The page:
·         For pre and post execution files, name them “Application.cfm” and “OnRequestEnd.cfm”  (Unix is case-sensitive!)

·         Never, ever hardcode pathnames.  Use CFML path functions -- such as ExpandPath() -- to get an absolute path that is relative to the template’s location.  If you absolutely must hardcode a path, define this as an Application-scoped variable in the Application.cfm file.

·         Use the URLEncodedFormat function if you are passing dynamic parameters that may contain spaces.  This prevents the server from getting an error or truncating the URL at the first space.

 

6.       Validate your input.

Make sure that you’re validating your data from form or url inputs before putting it in the database.  Things to look out for are data types, minimum and maximum lengths, and date formats.

 

7.       Use the CFSWITCH statement in place of CFIF…CFELSE to repeatedly check the same variable for different values.

For Example:

 

<CFSWITCH expression=”#intYrsService#”>

   <CFCASE value=”1”>

      <CFSET Message = “One!  One year of service.”>

   </CFCASE>

   <CFCASE value =”2”>

      <CFSET Message = “Two!  Two years of service.”>

   </CFCASE>

   <CFCASE value =”3”>

      <CFSET Message = “Three!  Three years of service.  Ah.”>

   </CFCASE>

</CFSWITCH>

 

8.       Calling functions that directly manipulate variables.

Some functions in CF will directly manipulate variables and then return a boolean value.  If you don’t need the return value of these functions, you don’t need to initalize a dummy variable.  Similarly, if you’re performing multiple queries SQL inserts or updates, you don’t need to dynamically name the queries.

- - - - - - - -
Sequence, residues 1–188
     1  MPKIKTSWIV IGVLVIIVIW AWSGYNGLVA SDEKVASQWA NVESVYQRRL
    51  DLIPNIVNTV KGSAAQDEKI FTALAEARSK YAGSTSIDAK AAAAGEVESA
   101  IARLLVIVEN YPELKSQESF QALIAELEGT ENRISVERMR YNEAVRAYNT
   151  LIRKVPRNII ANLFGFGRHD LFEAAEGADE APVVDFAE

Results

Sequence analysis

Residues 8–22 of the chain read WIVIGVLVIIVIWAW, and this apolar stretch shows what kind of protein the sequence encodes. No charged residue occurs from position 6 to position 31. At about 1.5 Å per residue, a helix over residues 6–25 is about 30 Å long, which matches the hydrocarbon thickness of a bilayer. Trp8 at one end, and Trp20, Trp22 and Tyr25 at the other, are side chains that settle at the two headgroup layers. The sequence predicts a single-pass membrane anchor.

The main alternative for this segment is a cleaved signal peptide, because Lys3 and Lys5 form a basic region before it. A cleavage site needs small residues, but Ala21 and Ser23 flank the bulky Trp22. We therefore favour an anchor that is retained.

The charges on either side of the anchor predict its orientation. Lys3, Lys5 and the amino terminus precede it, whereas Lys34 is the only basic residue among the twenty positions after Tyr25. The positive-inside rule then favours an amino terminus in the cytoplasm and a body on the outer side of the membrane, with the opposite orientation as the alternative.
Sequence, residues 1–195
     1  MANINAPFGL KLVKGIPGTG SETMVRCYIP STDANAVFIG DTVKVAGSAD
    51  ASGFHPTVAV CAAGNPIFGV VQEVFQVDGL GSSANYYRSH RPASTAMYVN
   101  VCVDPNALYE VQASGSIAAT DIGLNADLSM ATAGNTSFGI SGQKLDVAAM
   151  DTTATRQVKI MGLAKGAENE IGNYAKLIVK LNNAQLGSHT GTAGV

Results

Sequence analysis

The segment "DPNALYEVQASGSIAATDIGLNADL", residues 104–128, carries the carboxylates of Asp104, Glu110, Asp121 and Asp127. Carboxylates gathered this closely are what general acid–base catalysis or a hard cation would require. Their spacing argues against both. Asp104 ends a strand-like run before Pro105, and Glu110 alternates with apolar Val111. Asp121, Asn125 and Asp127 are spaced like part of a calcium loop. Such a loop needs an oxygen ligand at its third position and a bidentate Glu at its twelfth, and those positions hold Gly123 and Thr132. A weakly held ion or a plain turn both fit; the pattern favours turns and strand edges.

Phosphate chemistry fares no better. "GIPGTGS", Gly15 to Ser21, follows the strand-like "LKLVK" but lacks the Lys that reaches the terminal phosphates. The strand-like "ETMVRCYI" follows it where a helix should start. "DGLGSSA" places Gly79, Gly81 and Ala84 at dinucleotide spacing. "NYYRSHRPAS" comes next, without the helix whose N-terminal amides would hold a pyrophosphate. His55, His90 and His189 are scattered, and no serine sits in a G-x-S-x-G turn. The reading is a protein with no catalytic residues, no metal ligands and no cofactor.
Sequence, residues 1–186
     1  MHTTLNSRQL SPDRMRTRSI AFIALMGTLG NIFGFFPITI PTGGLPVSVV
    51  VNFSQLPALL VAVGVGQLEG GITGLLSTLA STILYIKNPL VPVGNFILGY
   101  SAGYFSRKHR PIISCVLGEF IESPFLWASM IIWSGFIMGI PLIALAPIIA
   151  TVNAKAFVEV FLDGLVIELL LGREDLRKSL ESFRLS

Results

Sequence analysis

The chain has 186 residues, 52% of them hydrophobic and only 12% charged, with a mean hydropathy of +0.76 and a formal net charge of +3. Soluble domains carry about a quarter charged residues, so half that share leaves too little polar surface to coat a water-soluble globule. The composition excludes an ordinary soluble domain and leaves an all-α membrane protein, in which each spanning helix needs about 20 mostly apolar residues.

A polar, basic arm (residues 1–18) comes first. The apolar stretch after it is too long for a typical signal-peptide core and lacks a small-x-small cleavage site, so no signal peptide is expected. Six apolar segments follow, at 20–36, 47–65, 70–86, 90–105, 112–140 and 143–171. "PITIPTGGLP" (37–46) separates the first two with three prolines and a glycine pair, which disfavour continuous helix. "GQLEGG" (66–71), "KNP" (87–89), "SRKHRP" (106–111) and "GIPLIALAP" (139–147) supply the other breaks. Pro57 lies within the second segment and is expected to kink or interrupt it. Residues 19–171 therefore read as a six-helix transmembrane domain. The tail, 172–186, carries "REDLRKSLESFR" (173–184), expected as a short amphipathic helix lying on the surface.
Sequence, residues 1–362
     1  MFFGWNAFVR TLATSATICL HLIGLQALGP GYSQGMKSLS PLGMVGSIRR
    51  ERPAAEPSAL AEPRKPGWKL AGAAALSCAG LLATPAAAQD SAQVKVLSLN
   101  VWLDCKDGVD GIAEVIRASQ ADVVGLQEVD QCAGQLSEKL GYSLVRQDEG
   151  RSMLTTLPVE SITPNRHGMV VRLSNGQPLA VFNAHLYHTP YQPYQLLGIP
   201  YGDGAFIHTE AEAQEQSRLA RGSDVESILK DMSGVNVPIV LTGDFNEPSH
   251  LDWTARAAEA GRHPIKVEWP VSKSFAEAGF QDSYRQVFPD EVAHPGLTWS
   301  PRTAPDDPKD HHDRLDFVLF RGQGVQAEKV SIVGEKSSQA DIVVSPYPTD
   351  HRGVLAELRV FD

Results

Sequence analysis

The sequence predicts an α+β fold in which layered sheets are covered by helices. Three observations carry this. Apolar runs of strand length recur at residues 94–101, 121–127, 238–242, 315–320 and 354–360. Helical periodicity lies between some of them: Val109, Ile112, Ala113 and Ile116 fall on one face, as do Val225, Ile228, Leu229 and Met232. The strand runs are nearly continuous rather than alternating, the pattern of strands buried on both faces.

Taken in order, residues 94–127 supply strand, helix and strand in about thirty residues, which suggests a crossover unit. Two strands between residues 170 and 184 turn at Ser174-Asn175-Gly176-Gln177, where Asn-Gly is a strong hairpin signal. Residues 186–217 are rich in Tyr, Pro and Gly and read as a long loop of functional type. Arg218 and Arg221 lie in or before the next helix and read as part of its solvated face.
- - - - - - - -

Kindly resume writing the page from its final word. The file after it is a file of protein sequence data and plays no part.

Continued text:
<CFSET StructDel(jedi,”anakin”)>

 

9.       Put frequently used code into custom tags.

Although it’s much easier to copy and paste your code where you need it, you’ll save time in the long run (and save another developers sanity) by encapsulating this code into a custom tag and calling it where need be.  The concept here is similar to that for writing COM objects, but it’s much simpler to implement.

 

10.   Include comments at the beginning of each file.

Include comments at the beginning of each template or Custom Tag that includes the following information:

·         File name

·         Author’s name

·         Date written

·         Description of the template or Custom Tag

·         List of attributes (Custom Tags only):

·         Name

·         Description

·         Required/Optional

·         Error return codes (where applicable, Custom Tags only):

·         Return code

·         Description

·         Thrown errors (where applicable):

·         Type

·         Error code

·         Description

·         History of changes made to the code with the date, author and description of the change, from oldest to most recent.